Thrillingly propelled by Jimi Goodwin’s turbine engine of a bass guitar, the three cool Cheshire cats float above the industrial grime of the English north-east sprinkling a little glamour on their customary grit. ‘House Of Mirrors’ dazzles with a driving beat decorated by spaghetti western instrumental flourishes, and a chorus that will lift the roof off arenas.
Doves – Kingdom Of Rust: To soften the blow of leaving us in the lurch for four years, Doves have done the decent thing and returned with an absolute stormer. We’ve heard the album, and this isn’t even the best song on it.
Doves –the band with added moisturiser –are looking to “do an Elbow” this year. In other words, a middle-ranking, fondly regarded but fundamentally unsexy band making an unexpected late-career leap into the big time.
But Jimi Goodwin is no Guy Garvey, vocally or lyrically, and if Kingdom of Rust –which alternates between freewheeling country rock and portentous indie prog –is the record that does it, that’s purely down to timing. (The Last Broadcast was a worthier candidate.)
Download this: ‘Compulsion’: OCD, as easy as 1-2-3
Four years on from their most recent album, Some Cities, the Manchester trio return. Everything you expect from a Doves record is here; and that, in a sense, is the problem. Of signs of development and advance, there are frustratingly few. The sonic subtlety that has always vied for supremacy with the band’s big-picture, prog-like tendencies is present and correct: sections of tracks such as Jetstream, 10.03 and Birds Flew Backwards contain huge open spaces in which tiny interjections make a mighty impact. Compulsion, meanwhile, nods to both Blondie’s Rapture and the band’s own dance roots. More typical of a strangely moribund album, however, are Winter Hill and The Greatest Denier, where their defaults of heavy sound blankets and rhythmic doggedness begin to seem not only oppressive, but dull.
WITH three equally impressive, idiosyncratic albums to their name already, the right fourth album could assure Doves’ rightful place as one of our most consistently exciting bands. Kingdom Of Rust explores a layered, adventurous terrain, with nods to Kraftwerk and funk in various places, thanks to Jimi Goodwin’s unique howl and a Sub Sub-esque groove. Opener Jetstream and the title track will be known to fans already, but it’s perhaps Winter Hill, 10.03, arranged by Chemical Brother Tom Rowlands and anthemic closer Lifelines that typify Kingdom Of Rust best, bustling with ambition.
For a band who concentrate their attentions so much on texture and atmosphere, Doves have a canny knack of delivering a killer pop song to kick-start an album’s campaign. As with previous singles There Goes The Fear and Black And White Town, Kingdom Of Rust sounds like nothing else at the moment; a soft-focus jangly gem seemingly plucked from a Morricone-scored Western. Radio loves the track, with BBC, Absolute and Xfm stations showing support. Meanwhile, the band are midway through an extensive campaign of airplay sessions and are attracting interest from Channel Four, E4, Sky and a wealth of national press.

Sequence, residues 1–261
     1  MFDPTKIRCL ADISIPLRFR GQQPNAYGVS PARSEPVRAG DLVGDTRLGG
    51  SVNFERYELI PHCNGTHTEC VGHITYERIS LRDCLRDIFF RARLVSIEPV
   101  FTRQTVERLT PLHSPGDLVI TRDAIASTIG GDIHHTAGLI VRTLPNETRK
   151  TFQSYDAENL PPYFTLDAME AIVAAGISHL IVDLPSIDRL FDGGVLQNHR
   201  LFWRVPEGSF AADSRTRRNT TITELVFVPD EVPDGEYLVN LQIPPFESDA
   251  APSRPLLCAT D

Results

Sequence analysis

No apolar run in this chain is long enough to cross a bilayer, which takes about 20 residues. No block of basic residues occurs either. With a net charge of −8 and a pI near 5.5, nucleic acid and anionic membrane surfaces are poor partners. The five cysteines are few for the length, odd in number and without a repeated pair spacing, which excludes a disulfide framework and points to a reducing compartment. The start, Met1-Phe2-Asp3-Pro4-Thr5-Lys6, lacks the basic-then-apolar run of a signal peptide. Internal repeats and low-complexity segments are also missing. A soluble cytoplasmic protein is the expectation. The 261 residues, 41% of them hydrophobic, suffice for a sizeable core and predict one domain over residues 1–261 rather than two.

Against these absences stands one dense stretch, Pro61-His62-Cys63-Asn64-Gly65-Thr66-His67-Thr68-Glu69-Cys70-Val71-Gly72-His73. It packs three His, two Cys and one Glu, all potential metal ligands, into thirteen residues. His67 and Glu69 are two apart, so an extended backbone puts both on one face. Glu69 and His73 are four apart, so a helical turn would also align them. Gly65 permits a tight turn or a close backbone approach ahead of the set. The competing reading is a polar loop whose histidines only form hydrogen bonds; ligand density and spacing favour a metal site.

Doves – Kingdom Of Rust *** It’s been four years since Doves had their biggest hit Black And White Town. Since then, fellow northern English sadsacks Elbow have achieved crossover success. Let’s hope this jaunty Chris Rea-sounding upbeat tune helps the trio.
Doves have been made for the big-time ever since they started writing their second album, ‘The Last Broadcast’. But alas, the closest they’ve come to headlining any such setting has been on support slots with U2. So you can’t say they’ve had a hard life, but all the same, they deserve more. And the most annoying thing is, most people know it.
One can’t help but feel Doves have seen what happened to Elbow last year and fancied a piece of the grown up bloke action themselves. So here is album title track ‘Kingdom of Rust’ – an ambitious, chugga-chugga steam engine of a pop tune which has Misirlou dashes, 50s throwback guitars a la Richard Hawley, and quite a bit of the Neil Hannons in its arrangement and strings, before breaking down to a semi-bluesy workout.
Doves – Kingdom Of Rust: Recorded at a converted farmhouse up in North West England, Kingdom of Rust primarily features production work from Dan Austin (Massive Attack), with two additional tracks helmed by industry vet John Leckie (XTC, Stone Roses, Radiohead’s The Bends). The single ‘Kingdom of Rust’ sees Doves return with an utter epic album of eclectic tunes that takes you on a journey somehow perfectly painting a picture of the Northwest of England in a way that only Doves can do. I can hear so many influences in this single, the likes of Blondie, Bowie and the Clash to name but a few.